Albert A. Michelson (Dictionary of World Biography: The 19th Century)
Article abstract: Michelson was the first American to win a Nobel Prize for Physics, which he received for determining the length of the standard meter in terms of wavelengths of light. His significant contributions to physics and optics include measurement of velocity of light, of the ether drift, of the rigidity of earth, and of the diameter of stars, as well as development of the interferometer.
Albert Abraham Michelson was born December 19, 1852, at Strelno (modern Strzelno), which was Polish in population and tradition but was located in German territory at that time. His mother, Rosalie Przlubska, was the daughter of a businessman, and the effect of her early teachings made Albert resist the lure of easy money all of his life. At the time of Albert’s birth, his father, Samuel Michelson, was the proprietor of a dry-goods shop. Political upheavals in Europe in 1848 accelerated anti-Semitism there, and late in 1855, the Michelsons decided to emigrate to California. They traveled by steamer to Panama; made the laborious trip across the Isthmus by muleback, canoe, and train; and boarded another boat to San Francisco, where Samuel’s sister and brother-in-law, Belle and Oscar Meyer, were living. The Michelsons settled in Murphys, a mining town in the heart of the gold country, where Samuel opened a store. Young Albert took violin lessons from a local prospector who was a fine musician. Albert’s parents...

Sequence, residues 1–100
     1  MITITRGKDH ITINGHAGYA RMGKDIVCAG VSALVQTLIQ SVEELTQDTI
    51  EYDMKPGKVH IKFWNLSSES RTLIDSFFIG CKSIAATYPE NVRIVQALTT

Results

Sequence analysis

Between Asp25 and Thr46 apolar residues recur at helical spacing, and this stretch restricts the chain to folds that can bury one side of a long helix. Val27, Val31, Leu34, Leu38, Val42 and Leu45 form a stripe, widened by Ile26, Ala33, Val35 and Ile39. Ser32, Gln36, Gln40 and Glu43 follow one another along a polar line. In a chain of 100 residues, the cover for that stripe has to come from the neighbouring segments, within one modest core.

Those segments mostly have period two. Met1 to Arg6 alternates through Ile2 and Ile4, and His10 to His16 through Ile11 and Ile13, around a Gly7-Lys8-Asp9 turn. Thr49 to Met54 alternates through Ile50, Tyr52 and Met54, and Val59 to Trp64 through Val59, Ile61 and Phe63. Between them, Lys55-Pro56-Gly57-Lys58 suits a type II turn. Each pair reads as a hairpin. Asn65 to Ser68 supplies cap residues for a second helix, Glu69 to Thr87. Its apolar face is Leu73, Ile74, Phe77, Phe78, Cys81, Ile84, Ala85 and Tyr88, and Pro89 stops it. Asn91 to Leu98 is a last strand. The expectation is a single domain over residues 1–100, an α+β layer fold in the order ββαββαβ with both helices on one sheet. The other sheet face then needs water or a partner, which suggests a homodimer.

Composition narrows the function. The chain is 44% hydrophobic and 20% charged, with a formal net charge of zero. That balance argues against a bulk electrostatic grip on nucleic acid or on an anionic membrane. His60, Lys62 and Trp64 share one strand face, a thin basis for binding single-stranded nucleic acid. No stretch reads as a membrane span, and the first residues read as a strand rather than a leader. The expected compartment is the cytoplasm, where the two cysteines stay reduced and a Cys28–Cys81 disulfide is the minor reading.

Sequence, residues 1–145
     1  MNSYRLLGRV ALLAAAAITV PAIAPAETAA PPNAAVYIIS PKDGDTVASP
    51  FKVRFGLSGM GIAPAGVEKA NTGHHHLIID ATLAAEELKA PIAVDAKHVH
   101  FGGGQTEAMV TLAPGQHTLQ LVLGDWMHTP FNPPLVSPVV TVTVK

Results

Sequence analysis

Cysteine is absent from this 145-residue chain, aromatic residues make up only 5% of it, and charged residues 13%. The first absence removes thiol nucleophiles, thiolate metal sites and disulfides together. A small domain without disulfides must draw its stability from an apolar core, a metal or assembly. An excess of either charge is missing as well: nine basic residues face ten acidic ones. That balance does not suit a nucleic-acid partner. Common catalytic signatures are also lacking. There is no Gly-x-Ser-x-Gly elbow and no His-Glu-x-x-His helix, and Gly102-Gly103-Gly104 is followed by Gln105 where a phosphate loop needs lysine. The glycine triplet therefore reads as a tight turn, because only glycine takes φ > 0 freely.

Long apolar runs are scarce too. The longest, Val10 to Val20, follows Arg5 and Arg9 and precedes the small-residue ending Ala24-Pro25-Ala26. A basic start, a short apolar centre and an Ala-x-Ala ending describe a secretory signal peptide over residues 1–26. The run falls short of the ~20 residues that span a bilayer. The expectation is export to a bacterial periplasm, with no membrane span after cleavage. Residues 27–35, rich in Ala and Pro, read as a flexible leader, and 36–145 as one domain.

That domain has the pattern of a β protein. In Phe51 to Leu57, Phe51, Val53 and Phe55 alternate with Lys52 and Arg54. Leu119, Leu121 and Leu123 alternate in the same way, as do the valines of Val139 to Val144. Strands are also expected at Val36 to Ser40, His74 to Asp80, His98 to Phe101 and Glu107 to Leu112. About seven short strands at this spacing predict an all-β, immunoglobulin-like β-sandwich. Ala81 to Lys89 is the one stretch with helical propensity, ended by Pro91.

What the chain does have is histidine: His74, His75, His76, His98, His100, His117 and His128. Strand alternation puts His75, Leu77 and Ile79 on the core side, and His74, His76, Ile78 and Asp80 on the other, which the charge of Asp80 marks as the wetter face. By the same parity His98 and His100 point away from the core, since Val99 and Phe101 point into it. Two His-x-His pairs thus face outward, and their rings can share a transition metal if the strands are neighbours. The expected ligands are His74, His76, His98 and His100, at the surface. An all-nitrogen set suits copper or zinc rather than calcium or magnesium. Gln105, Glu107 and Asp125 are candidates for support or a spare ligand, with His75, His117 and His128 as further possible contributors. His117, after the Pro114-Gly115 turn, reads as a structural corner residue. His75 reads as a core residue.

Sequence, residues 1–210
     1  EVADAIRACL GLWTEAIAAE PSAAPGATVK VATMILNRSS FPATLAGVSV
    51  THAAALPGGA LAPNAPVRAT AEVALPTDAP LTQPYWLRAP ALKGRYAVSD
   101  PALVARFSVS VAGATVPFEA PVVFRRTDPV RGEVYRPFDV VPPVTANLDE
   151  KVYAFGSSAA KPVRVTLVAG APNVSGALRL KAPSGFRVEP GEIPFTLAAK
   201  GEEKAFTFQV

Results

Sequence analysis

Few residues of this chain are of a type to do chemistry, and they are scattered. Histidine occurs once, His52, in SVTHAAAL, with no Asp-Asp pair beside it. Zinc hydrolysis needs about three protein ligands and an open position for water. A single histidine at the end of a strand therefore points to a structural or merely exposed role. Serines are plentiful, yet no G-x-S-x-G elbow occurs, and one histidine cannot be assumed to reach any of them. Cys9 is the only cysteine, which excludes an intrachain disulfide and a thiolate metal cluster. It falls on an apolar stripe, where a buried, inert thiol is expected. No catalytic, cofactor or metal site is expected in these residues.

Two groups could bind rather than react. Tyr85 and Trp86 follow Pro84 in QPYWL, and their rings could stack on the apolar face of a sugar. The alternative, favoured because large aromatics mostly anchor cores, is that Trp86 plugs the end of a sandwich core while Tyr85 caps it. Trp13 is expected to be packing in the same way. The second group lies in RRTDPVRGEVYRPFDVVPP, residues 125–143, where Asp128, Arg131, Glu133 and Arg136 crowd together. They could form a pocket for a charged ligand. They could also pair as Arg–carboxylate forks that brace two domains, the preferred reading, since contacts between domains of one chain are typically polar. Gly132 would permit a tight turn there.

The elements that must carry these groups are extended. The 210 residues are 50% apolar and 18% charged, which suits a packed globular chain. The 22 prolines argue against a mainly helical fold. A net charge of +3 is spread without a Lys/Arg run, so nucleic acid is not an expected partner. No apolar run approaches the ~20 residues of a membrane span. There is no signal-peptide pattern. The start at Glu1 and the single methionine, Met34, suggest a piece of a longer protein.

(The entire section is 2883 words.)
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